There are a vast range of evaluation approaches and methods that can be used to evaluate prevention of violence against women and gender equity projects. Some methods are more complex than others, while some are straight forward but may take extra resourcing. Depending on the scale and time of the initiative being evaluated consider some of the following evaluation approaches.
The following evaluation theories or approaches may be useful when thinking through the evaluation. Further, more complex, collective evaluation methodologies can be found in the Contributing to Shared Measurement section.
It is recommended that evaluation of PVAW strategies are informed by feminist approaches. Feminist evaluation is based on feminist research and grounded in feminist theory. The key strength of this approach is that it acknowledges evaluation as political. It emphasises participatory and empowering processes and a social justice agenda. While feminist evaluation overlaps with other utilisation focused approaches it is key for prevention of violence against women and gender equity work.
For more on Feminist evaluation theory and further reading refer to the following resources:
Participatory evaluation is a human rights based approach where the intended 'targets' of your project evaluation are involved in decisions about the project and its evaluation. Participatory evaluation is similar to other action research or interactive evaluation approaches (Stevahn & King, 2016; Owen, 2006).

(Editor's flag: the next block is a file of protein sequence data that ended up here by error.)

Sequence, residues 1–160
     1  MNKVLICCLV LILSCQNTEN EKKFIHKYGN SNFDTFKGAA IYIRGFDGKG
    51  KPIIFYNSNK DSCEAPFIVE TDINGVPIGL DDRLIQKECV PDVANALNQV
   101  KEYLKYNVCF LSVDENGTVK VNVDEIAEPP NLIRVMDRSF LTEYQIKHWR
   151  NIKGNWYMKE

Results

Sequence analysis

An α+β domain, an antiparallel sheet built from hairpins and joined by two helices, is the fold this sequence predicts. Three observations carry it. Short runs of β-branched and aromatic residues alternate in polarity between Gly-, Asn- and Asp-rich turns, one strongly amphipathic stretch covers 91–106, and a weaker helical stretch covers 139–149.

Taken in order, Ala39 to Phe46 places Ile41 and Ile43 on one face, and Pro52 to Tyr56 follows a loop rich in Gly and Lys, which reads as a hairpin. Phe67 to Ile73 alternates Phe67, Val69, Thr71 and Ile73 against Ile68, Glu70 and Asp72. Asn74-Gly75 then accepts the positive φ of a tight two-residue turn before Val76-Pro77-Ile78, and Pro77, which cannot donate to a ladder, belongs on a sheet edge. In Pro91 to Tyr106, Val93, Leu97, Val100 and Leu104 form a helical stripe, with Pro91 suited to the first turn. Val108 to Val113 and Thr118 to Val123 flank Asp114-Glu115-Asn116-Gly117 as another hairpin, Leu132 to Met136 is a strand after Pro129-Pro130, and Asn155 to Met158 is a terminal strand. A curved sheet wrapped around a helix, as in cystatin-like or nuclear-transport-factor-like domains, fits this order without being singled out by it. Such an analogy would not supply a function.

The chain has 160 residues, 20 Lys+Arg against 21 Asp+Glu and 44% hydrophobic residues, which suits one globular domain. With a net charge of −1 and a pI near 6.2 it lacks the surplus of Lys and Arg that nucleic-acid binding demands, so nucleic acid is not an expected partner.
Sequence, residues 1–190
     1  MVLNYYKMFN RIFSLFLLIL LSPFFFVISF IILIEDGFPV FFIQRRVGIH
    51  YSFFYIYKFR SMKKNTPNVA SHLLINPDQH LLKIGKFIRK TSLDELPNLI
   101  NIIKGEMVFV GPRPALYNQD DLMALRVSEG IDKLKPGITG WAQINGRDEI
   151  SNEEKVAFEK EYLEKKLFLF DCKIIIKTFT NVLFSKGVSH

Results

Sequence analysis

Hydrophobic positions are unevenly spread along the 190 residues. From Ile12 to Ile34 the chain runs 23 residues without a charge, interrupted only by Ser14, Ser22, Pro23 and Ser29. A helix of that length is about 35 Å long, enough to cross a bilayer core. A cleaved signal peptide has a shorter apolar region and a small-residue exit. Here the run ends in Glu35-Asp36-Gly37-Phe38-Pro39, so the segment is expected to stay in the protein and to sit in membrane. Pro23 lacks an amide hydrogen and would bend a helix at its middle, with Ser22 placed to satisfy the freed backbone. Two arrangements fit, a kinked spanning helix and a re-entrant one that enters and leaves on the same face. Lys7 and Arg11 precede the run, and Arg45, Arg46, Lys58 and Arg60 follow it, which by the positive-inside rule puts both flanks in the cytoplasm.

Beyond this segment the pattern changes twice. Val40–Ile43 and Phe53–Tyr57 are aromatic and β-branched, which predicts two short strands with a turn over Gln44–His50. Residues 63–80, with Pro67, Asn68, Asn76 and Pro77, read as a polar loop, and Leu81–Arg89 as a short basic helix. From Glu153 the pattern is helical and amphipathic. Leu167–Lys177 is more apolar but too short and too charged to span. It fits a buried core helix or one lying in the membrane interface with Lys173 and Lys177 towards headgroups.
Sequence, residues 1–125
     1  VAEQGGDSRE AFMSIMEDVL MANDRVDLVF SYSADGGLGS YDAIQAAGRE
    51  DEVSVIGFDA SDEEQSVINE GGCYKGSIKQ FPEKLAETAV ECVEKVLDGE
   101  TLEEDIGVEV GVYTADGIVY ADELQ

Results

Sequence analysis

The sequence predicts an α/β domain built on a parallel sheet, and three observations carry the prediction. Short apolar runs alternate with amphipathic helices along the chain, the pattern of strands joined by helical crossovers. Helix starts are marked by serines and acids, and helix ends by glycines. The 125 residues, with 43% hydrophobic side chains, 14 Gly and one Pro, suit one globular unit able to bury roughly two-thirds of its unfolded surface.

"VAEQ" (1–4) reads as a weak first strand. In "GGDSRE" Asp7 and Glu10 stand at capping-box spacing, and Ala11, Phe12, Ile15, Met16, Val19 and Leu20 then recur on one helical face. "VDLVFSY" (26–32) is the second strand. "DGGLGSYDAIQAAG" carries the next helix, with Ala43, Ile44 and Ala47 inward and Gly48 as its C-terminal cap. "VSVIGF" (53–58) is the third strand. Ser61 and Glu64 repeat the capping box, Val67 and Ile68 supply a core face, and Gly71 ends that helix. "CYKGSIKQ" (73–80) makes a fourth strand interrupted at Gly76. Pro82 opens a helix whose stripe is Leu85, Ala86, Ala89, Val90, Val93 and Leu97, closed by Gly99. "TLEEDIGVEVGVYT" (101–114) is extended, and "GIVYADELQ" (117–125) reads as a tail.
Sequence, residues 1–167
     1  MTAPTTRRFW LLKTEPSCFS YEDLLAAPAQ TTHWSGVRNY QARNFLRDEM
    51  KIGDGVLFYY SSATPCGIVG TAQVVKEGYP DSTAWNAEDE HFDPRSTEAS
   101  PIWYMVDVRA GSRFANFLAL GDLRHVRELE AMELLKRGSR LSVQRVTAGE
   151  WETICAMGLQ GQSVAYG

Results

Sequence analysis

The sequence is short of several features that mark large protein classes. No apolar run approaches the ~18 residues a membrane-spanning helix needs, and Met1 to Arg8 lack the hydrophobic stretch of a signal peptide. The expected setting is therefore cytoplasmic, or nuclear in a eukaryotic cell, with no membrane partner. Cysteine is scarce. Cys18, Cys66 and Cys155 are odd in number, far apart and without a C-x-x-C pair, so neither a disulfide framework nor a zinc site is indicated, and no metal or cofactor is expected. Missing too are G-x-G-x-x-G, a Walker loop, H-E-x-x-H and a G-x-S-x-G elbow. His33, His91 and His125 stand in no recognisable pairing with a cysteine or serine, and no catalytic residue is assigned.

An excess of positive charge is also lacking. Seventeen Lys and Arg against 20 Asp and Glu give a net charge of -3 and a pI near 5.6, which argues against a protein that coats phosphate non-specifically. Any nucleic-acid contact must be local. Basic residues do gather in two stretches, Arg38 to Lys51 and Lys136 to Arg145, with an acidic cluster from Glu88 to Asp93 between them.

The participatory approach is often used across different target groups with the philosophy that the project and the evaluation should be of benefit to the community involved. Capacity to undertake participatory approaches can be limited due to resource constraints and issues arising from the participant requirements versus the practical demands of the real world (Minkler & Wallerstein, 2008).
|Conventional Evaluation||Participatory Evaluation|
|Who||External experts||Community, project staff, expert as facilitator|
|What||Predetermined indicators of success, primarily cost and health outcomes or gains||People identify their own indicators of success, which may include health outcomes and gains|
|How||Focus on "scientific objectivity," distancing evaluators from other participants; uniform, complex procedures; delayed, limited access to results||Self-evaluation; simple methods adapted to local culture; open, immediate sharing of results through local involvement in evaluation processes.|
|When||Usually completion; sometimes also midterm||Merging of monitoring and evaluation; hence frequent small-scale evaluations.|
|Why||Accountability, usually summative, to determine if funding continues||To empower local people to initiate, control, and take corrective action|